In an Extremely Unlikely First, Scientists Found Frost On the Peak of Mars’ Volcano Olympus Mons

A team of scientists recently discovered frozen water in an unlikely place on Mars.

Rain will probably never fall on Mars’ giant volcano, Olympus Mons (our condolences to the MMC). But a glittering swath of frost covers the Martian mountaintop on chilly mornings, according to new research, suggesting that the planet has an active, if sparse, water cycle.

A team of scientists recently discovered frozen water in an unlikely place on Mars: 13.5 miles above the surface, nestled near the peak of our Solar System’s largest mountain, Olympus Mons (which is also a volcano, though its last eruption was 25 million years ago.) For a few hours each morning during the colder Martian seasons, huge patches of frost settle in the ancient calderas of Mars’s Tharsis Mountain range, which includes Olympus Mons. The recent study is the first time scientists have seen frost anywhere near the planet’s equator, and it could suggest new places to look for water and potential signs of life on Mars.

Brown University planetary scientist Adomas Valentinas and his colleagues published their work in the journal Nature Geoscience.

The frost is visible in blue in this image of Olympus Mons.


Frost-Capped Mountain Peaks in the Martian Tropics

Valentinas and his colleagues spent five years poring over data from an instrument called CaSSIS (Color and Stereo Surface Imaging System) aboard the European Space Agency’s Trace Gas Orbiter. In 2018, the scientists thought they had glimpsed frost in the high calderas of Olympus Mons and some of the other dormant volcanoes of Tharsis, and more data from the Mars Express Orbiter confirmed what they had seen. The team spent the next five years studying more than 30,000 images of the region, captured at different times of day and in different seasons, to piece together a record of how the frost came and went.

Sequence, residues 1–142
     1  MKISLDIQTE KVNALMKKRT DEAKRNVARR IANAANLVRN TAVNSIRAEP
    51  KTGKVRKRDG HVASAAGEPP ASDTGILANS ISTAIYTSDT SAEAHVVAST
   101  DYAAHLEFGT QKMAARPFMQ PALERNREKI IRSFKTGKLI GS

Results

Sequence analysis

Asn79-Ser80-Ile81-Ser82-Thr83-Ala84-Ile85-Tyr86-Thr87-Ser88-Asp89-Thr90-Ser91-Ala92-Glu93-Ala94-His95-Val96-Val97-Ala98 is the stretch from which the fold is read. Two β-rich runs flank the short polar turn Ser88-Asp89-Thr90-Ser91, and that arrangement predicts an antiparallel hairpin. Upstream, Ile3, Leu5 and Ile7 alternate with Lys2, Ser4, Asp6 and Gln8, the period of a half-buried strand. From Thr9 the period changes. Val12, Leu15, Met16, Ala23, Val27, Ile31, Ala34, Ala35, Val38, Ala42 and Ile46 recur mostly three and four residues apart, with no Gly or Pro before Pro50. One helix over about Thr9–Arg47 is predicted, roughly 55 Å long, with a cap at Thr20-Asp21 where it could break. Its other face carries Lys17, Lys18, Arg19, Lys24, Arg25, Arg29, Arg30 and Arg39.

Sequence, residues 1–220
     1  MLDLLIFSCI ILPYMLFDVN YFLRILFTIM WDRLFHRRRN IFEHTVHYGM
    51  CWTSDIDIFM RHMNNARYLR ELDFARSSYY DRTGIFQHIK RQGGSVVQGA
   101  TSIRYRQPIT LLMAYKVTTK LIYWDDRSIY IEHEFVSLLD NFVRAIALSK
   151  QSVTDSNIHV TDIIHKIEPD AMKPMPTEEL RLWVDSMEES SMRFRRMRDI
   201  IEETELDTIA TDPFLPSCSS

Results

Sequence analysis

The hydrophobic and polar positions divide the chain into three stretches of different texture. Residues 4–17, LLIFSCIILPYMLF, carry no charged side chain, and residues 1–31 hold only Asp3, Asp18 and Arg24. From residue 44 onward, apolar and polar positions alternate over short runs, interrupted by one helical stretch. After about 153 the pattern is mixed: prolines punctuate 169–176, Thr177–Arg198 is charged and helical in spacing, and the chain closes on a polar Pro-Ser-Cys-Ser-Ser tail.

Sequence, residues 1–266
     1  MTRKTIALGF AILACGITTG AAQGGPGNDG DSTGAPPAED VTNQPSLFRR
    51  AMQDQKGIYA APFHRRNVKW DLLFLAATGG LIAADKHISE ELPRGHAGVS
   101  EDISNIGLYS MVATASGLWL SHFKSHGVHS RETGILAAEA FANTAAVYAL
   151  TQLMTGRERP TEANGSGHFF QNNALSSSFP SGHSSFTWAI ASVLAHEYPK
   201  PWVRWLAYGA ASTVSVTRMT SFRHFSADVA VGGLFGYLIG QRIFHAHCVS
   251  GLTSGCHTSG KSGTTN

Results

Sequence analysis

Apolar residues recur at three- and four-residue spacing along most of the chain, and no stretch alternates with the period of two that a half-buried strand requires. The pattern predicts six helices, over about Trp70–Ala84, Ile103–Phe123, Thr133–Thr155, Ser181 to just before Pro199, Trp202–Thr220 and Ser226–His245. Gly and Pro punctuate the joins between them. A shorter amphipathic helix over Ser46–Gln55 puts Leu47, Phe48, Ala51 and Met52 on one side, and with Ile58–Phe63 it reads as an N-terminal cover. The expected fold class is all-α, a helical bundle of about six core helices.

It turns out that during Mars’s colder months, a super-thin layer of frost forms at the peaks of the towering mountains and in their calderas — the collapsed craters formed by cataclysmic volcanic eruptions millions of years ago. The icy layer is only about as thick as a human hair, and it lasts just a few hours before it evaporates under the heat of the Martian Sun. However, it covers such a wide swath of ground that even that thin, short-lived frost layer contains about 150,000 tons of water, enough to fill 6 Olympic swimming pools. And in the mostly-dry environs of modern Mars, that’s a lot of water.

“We thought it was improbable for frost to form around Mars’s equator, as the mix of sunshine and thin atmosphere keeps temperatures during the day relatively high, at both the surface and the mountaintops — unlike what we see on Earth, where you might expect to see frosty peaks,” says Valentinas in a recent statement.

Valentinas and his colleagues suggest that there’s something about air circulation around the tops of the mountains and through the calderas that creates a microclimate that’s cool enough and humid enough to allow frost to form on cold mornings. Building computer simulations of how the frost forms and evaporates could help scientists understand Mars’s water cycle, such as it is, in more detail.

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